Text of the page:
cut it with a knife (not easily) and it's less likely to crack and
    chip. The glue is the most expensive part, my suggestion is
    Tite-Bond in the gallon jug.
    :) :)
  9. Drew1125

    Drew1125 Active Member

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    I like using a product called Sculptamold...it can be purchased at most hobby & craft stores.
    It's sort of a combination of plaster & paper mache'. It is much lighter that plaster, & has a much longer working time...it takes 30 min or so to set up. It, too can be colored with paints, if you like.
    If you're just wanting to make slight variations in the terrain, it would be great for this by itself...if, however, you're wanting make more severe changes, low rises, etc...I would use scraps of foam, glue them to the scenic base, file, or sand them down to a desired shape/height, & then blend them into the scenery with the Sculptamold.
  10. Mike R

    Mike R Member

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    That flour could create difficulty under certain conditions, [insects or small mammals], but flour has some interesting properties.
    When using flour up here in Canada, we generally get Robin Hood by the bag.;)
    Mike
  11. Lighthorseman

    Lighthorseman Active Member

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    I tried the cellulose insulation method, albeit without the flour, and found that for finer contour work, it just didn't work for me. It clumped into glops, was difficult to work, and I wound up scraping it off and chucking it out.
    I do suspect, however, that it would be okay for larger, rougher contouring.

    Attached Files:

  12. guppyman

    guppyman Member

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    You could always go get a can of Great Stuff expanding foam.... I saw a web site a long time ago where a guy had made his mountains out of the stuff... It was pretty cool. It's cutable and paintable, so who knows what you could do with it?
  13. Sir_Prize

    Sir_Prize Member

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    From the pic it looks like somebodies cat got rid of
    a furball. Yech!
    Welll... At least it didn't ruin everything.
  14. 60103

    60103 Pooh Bah

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    Steve:
    Thank you for trying it out and letting us know how it doesn't work.
  15. scoobyloven

    scoobyloven Member

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    alex:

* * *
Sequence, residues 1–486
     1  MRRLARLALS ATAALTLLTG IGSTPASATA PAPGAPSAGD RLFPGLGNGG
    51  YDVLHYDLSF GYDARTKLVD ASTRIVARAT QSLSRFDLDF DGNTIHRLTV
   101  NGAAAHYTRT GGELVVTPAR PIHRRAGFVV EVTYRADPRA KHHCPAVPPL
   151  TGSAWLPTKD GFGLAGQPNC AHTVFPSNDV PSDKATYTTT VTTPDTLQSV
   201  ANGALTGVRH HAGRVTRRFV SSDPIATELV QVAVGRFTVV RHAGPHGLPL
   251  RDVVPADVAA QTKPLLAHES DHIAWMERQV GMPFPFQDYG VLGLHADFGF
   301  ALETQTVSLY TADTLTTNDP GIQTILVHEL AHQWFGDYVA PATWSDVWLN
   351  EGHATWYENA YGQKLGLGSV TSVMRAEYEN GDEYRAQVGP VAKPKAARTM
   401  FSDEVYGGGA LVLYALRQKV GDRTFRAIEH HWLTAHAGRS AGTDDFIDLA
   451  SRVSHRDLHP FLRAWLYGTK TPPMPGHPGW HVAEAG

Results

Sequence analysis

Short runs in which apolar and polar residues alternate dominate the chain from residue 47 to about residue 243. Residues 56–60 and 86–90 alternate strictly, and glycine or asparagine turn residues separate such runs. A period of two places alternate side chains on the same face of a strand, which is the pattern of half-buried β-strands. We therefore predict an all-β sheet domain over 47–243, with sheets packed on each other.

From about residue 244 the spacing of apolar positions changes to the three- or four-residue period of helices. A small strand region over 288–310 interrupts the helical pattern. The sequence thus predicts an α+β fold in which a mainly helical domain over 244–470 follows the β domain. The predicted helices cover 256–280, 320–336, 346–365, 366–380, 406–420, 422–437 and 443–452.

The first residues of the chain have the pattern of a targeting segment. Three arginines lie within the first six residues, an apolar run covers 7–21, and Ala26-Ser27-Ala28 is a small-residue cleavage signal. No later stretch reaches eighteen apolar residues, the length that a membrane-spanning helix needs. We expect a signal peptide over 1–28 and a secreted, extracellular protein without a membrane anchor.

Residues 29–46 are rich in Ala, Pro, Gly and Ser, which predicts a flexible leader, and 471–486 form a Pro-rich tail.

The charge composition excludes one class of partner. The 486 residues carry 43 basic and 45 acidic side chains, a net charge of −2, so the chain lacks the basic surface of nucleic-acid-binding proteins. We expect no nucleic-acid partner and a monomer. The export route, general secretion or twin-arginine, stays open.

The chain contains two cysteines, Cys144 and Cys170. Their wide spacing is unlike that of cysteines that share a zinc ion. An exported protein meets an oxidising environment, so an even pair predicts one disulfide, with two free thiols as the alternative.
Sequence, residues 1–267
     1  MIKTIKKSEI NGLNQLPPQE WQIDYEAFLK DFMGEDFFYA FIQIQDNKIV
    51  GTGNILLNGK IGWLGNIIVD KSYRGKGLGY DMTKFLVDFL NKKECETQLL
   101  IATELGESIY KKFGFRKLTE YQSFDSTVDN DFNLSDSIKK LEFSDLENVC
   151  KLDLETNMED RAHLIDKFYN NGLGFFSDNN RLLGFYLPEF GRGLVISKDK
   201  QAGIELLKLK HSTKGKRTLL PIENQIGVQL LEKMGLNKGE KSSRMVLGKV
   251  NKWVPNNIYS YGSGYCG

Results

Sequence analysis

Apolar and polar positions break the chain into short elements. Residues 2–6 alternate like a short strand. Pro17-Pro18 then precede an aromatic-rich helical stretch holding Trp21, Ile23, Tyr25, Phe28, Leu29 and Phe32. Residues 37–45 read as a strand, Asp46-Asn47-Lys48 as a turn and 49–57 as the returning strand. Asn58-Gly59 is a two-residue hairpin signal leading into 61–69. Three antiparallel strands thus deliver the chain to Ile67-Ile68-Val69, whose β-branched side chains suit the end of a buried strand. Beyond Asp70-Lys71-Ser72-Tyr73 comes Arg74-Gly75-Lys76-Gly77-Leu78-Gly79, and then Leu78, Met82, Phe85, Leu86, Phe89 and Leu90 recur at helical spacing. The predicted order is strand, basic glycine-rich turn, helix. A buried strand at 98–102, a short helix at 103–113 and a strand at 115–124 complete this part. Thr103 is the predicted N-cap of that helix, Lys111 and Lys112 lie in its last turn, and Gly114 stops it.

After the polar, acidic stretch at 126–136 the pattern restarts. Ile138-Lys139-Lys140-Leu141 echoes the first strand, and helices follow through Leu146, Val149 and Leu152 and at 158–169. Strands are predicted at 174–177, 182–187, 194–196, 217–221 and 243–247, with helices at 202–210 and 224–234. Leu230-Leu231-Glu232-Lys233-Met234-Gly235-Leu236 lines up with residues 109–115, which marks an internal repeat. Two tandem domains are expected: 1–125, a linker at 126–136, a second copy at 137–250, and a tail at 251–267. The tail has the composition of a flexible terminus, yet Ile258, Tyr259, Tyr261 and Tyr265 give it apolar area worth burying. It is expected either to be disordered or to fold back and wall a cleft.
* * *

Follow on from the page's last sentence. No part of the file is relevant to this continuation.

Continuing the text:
well form my book i use plaster of paris i just mix it up with a little more water. i done 2 ho layouts and 2 n sacle layouts with this stuff i get it from wal mart or any home inprovment store i got 2 8 pound tubs from wal mart for under 10.00 i also mix water based paint into the water before i mix it up if you go to wal mart the paint is right there buy the plaster get the darkest green or brown they have becouse when you mix it up the plaster is white in color
  16. alex_mrrkb

    alex_mrrkb Member

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    I'm gonna need more explanations on this one ...

    If you mix you plaster with more water, doesn't that makes it more liquid ? If so, how do you shape it ?

    What I'm looking for is a way to un-flatten large and small area of the layout where my benchwork is perfectly flat. If I just apply ground foam there, it's gonna be too flat, I want to make *very* small bumps, grades ... something to make it look more natural ...

    I'm looking for something that can be shaped (with my hands) ... something that wont flow away, something like clay that I could spread and shape as I need. Remember that I'm not making big hills, just small bumps (max 1/4 inch high).

    Thanks !
  17. Gary Pfeil

    Gary Pfeil Active Member

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    Alex, I repeat, try Permascene. Should be available at your LHS. Mix with water and apply. Just spread it with a spackle knife then use your fingers to press it down and shape as desired. You only need a thin covering and the result will be the slight unevenness you are looking for.
  18. alex_mrrkb

    alex_mrrkb Member

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    Thanks Gary ! I'm gonna stop by the arts&craft store tonight, I hope they have this stuff (the hobby shop doesn't).

    Thanks !!